I love silky soft, delicate stuff like chawanmushi or the korean gyeran jjim and egg custard. I think chawanmushi should be a breakfast dish. With braised mushrooms and a pork broth. Imagine a good sized pot of that in the morning. But you’d probably need some rice to make it more substantial, that’s the main issue, it’s just too light. Maybe I’d just add more layers. Like minced pork at the bottom, then spinach, then mushrooms and cook it in a transparent glass so you can see the layers and the colors.

The other type of egg I love is Onsen Tamago, or eggs poached in a hot spring. In Singapore & Malaysia, we have a similar thing for breakfast that goes with a little bit of dark soy, some white pepper and coffee. That was like my fave breakfast when I was 9. Or 19. And every year in between. It’s an amazing example of what low temperature, slow cooking can do to create awesome texture in the slithery white and the unctuous, slimy goop that is the yolk. Plus, you don’t even need a vacuum machine or an immersion circulator. You just use the egg shell itself. What I’d like to see is a croque madame with Onsen Tamago, rice bun slices of “bread” and pork belly braised in soy. Like Kong Ba Pao with a poached egg.

Fried eggs are a treat. I like the variation in texture. When you watch an egg transform under duress from heat, it’s an interesting lesson that heat transfers over time and the changes in the egg are dependent on the temperature as well as the conductivity of the pan used. If you fried an egg slowly and gently, under low heat, you’d get a more uniform, smooth, white surface. If you just whacked it on high heat with loads of oil, you’d get a bubbly, fierce surface that’s sometimes completely rubbery on the outside and the secondary layer of white remains somewhat uncooked. Or you could just drop it in a deep fryer and get this very crispy and rubbery egg. I like the slow method because ultimately, the temperature of your stove is still high enough that the bottom of the egg gets crispy, then you get a relatively uniform softness to the white, which appears smooth and clean and the yolk stays liquid. I got this thing about eating fried eggs though. I bend over, mouth first towards the yolk, pressing my lips gently over the goldenness below and suck, very lightly until the surface breaks and I slurp to maximize the textural delight. Then I attack the whites with a knife and fork or bare hands, whichever’s available. Enjoying the contrast of crisp and silky. Then, with the second egg, I try to combine all three and use some toast or whatever to mop up whatever’s left on the plate. If I’m eating over some rice, I always mash the yolk into the rice and hack away with furious level chopstickery.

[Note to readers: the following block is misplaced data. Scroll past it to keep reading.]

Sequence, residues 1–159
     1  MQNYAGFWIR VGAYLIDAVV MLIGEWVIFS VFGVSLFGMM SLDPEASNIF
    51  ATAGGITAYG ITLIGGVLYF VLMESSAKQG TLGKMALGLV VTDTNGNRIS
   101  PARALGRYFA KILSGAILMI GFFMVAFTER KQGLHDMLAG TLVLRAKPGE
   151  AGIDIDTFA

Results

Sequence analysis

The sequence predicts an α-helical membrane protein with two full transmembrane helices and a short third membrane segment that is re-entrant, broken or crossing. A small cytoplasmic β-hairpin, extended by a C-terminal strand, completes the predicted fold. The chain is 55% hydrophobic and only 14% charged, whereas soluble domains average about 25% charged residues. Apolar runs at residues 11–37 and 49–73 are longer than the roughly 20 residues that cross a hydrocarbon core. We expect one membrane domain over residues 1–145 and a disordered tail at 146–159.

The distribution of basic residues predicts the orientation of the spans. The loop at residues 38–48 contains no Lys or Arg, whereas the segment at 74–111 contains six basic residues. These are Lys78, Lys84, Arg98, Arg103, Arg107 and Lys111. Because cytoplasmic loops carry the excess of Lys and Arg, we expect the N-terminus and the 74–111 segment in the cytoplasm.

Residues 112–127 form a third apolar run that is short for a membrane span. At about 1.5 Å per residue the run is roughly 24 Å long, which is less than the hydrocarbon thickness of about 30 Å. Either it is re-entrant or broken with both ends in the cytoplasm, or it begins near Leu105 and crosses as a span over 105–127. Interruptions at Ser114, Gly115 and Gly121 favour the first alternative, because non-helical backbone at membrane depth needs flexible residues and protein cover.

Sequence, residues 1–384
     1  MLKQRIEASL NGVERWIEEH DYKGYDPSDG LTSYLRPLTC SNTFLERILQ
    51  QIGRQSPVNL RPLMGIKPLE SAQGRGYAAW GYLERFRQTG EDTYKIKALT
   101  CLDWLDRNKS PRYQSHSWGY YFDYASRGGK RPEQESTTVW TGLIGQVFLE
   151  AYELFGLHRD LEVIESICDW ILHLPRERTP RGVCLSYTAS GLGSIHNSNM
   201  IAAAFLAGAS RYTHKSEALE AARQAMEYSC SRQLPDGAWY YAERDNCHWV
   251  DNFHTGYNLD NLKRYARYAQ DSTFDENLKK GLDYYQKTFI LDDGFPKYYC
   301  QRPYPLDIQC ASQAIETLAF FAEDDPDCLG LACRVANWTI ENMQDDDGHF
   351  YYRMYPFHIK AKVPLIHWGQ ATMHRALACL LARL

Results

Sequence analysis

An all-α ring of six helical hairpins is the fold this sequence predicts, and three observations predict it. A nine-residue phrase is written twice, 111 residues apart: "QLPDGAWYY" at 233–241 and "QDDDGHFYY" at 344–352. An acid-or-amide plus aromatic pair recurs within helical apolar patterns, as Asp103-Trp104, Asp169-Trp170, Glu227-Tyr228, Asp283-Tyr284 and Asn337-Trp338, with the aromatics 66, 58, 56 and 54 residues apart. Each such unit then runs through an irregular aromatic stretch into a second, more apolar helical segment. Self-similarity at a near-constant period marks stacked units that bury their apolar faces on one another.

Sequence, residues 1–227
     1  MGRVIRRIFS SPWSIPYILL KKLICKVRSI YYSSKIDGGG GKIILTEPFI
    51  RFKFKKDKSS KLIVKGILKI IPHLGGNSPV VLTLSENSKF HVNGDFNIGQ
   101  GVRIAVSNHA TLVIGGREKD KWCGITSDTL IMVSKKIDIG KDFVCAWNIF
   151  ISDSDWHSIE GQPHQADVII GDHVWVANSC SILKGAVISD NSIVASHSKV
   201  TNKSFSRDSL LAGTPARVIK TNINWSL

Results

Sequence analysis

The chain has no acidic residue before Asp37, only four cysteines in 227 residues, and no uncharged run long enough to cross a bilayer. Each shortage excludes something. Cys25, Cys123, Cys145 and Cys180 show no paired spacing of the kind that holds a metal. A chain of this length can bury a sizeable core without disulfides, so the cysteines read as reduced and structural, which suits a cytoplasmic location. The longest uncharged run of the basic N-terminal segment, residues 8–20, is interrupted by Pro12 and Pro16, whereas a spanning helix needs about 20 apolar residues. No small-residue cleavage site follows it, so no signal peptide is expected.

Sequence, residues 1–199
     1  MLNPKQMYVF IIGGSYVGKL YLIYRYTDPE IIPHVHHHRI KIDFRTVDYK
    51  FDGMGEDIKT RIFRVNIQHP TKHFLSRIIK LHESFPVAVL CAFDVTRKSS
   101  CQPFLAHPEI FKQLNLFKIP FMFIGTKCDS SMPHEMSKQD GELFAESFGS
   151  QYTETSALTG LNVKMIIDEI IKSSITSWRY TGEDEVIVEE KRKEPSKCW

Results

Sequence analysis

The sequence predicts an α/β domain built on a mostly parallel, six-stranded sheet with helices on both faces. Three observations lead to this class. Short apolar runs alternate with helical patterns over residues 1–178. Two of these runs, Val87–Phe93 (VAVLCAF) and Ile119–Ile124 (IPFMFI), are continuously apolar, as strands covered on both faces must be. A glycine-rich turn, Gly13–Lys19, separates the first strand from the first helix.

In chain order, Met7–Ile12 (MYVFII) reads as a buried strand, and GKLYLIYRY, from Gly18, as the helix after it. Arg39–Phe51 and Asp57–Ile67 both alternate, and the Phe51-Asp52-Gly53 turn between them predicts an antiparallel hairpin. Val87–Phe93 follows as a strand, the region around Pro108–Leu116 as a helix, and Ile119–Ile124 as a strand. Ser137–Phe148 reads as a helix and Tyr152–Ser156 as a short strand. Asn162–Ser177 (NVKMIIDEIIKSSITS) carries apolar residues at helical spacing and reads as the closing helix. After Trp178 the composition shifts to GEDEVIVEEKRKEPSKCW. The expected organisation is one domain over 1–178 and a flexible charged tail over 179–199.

What kinda eggs does you like?

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